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Jersey asparagus varieties being discontinued - next steps

In summary: The producer of asparagus crowns for asparagus varieties Jersey Giant, Jersey Knight, and Jersey Supreme has stopped propagating these varieties. This means that for the most part, crowns of the "Jersey" varieties are no longer available for growers to order. Read on for recommendations on how to proceed with other varieties in 2021.


Asparagus spears thriving at Schmidt Farm in Preston, MN in May, 2020. Photo: Annie Klodd

We recently confirmed that Walker Brothers, the producer of Jersey asparagus crowns, has stopped propagating the Jersey Knight, Jersey Giant, and Jersey Supreme varieties. This information came through conversations with asparagus colleagues at Michigan State University and Nourse Farms.

While a handful of large retailers may still have limited stock of these varieties left for purchase, growers will no longer be able to source these varieties in general once that limited stock is sold. Walker Brothers has no plans to sell their existing breeding lines, so we do not anticipate a revival of these varieties. 

This came as a surprise to us, as previous information had suggested that these varieties would still be available for a couple more years. We understand that many Minnesota asparagus growers have been relying on these varieties, and that the discontinuation of the Jersey varieties may be seen as an inconvenience. 

Asparagus varieties to choose from

Several high performing hybrid asparagus varieties are still available for growers to order.

Millennium is the main green variety that we recommend for Minnesota growers at this point in time, and is the most thoroughly tested. Millennium has been grown in Minnesota for a number of years with success. A 2013 trial by Terry Nennich in northern Minnesota found that its yields surpassed the Jersey varieties by almost two-fold (Millennium: 2094 lbs/acre; Jersey Giant 1287 lb/acre; Jersey Knight 1233 lb/acre).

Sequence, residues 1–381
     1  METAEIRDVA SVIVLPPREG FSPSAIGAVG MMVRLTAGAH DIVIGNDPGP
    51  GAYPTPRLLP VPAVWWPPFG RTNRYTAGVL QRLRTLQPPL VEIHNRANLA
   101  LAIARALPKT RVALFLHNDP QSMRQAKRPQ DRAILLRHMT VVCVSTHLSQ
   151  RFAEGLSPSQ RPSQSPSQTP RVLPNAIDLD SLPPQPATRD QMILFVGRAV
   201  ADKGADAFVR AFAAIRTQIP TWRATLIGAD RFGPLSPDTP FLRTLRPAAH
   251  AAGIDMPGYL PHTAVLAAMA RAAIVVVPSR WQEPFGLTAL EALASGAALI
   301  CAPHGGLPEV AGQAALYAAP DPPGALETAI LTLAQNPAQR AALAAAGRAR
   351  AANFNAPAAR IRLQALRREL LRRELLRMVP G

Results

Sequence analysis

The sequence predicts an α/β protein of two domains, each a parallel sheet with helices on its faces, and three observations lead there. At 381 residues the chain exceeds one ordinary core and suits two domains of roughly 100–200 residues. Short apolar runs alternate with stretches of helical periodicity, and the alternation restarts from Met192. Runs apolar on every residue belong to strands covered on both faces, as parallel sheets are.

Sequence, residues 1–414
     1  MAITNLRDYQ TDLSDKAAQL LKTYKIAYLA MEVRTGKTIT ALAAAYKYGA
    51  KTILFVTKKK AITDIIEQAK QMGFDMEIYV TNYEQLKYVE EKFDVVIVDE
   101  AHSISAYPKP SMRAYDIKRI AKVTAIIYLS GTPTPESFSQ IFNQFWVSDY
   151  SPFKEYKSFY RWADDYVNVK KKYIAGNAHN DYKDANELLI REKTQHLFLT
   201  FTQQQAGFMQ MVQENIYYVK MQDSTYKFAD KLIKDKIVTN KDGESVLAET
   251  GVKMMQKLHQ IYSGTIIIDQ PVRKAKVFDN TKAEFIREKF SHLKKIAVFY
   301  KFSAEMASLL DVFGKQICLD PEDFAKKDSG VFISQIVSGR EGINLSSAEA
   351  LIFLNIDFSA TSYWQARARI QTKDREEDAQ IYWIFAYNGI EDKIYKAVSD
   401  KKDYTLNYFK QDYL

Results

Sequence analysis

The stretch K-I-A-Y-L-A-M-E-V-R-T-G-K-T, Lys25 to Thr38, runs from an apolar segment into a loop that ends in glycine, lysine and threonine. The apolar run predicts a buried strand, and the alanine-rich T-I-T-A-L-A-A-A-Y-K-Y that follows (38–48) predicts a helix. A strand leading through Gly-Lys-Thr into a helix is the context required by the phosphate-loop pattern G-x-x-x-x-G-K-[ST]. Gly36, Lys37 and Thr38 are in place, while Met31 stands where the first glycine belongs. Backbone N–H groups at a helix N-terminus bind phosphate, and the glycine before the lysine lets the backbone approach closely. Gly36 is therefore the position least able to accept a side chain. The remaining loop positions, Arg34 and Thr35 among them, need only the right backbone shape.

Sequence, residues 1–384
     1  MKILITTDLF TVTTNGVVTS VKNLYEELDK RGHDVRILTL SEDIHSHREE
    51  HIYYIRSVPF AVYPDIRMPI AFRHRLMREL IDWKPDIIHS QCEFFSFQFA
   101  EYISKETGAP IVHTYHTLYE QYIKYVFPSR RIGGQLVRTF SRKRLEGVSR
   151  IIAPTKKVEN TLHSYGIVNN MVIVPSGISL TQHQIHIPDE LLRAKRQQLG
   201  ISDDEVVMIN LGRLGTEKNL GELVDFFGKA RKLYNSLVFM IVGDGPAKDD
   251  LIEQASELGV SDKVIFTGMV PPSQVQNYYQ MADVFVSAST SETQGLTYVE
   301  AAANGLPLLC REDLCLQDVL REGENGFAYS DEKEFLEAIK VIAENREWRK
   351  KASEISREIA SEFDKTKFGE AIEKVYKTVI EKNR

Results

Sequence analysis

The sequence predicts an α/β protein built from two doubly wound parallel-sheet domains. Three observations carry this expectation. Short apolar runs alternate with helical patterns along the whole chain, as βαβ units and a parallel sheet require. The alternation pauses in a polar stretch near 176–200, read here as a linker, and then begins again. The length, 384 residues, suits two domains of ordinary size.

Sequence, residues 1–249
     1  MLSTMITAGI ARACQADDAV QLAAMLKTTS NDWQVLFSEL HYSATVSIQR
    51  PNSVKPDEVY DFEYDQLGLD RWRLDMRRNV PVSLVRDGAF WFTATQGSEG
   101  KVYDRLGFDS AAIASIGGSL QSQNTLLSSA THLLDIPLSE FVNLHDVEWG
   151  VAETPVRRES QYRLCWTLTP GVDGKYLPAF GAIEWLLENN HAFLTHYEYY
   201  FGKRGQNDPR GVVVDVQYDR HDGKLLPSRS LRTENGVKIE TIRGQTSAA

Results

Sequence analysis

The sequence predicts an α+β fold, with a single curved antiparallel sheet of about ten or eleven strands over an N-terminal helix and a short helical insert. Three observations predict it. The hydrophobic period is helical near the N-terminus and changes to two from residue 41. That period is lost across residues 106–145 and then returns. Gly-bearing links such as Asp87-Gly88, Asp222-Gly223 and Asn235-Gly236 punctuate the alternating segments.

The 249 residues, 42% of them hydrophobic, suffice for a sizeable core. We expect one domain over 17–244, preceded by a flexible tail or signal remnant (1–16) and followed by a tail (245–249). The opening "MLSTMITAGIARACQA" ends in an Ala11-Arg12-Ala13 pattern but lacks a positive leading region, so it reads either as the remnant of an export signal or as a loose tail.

Additionally, researchers in Michigan also report consistently higher yields from Millennium along with better stand longevity across extensive planted acreage. It is widely grown, from Northern Europe to the Pacific Northwest, with 8000 acres in western Michigan alone. According to Ben Werling, Michigan State University vegetable Extension Educator, Millennium is better adapted to cold climates than Jersey Giant or Jersey Supreme. It goes dormant earlier in the fall and wakes up more slowly in the spring, reducing the risk of late fall and early spring frost damage. This also has potential implications for asparagus beetle; ferns that go dormant earlier in the fall may be cut earlier, reducing the risk of asparagus beetle overwintering. Werling mentions that it may be slightly slower to ramp up to high yields, but then makes up for that by yielding heavily over a 15 year lifespan.

According to Werling and Carl Cantaluppi (retired asparagus researcher, North Carolina Extension), other varieties to consider in addition to Millennium include: 

  • Walker Deluxe
  • Eclipse
  • Sequioa
  • Spartacus
  • Pacific Challenger 2
  • Porthos
  • Greenox

All varieties listed above are hybrids. While open-pollinated varieties like Mary Washington, Martha Washington, and Purple Passion are also available, it is well known that open-pollinated asparagus varieties have lower yields and less consistent spear size than the hybrid options.  

What's next?

We are certainly interested in learning more about how these hybrid varieties compare when grown across Minnesota, specifically USDA zones 3 and 4. This presents an opportunity to trial asparagus varieties in Minnesota, although no formal plans for such a trial are currently in place. Since asparagus trials require daily harvest and data collection for around 6 weeks per year over multiple years, the logistics of collecting quality data for such a large endeavor must be carefully considered and weighed against other urgent research priorities. Collaborating with farms and/or partner organizations may open doors to this possibility.

If you require assistance finding where to order crowns for these varieties, you may contact Annie Klodd or Natalie Hoidal. Additionally, if you have experience growing any of these varieties, please do not hesitate to reach out and share your thoughts about them. 

Asparagus resources

If you are new to planting asparagus, you can find comprehensive information about planting and maintenance of asparagus stands in Extension's new asparagus guide. This guide is also available in a downloadable PDF format here.


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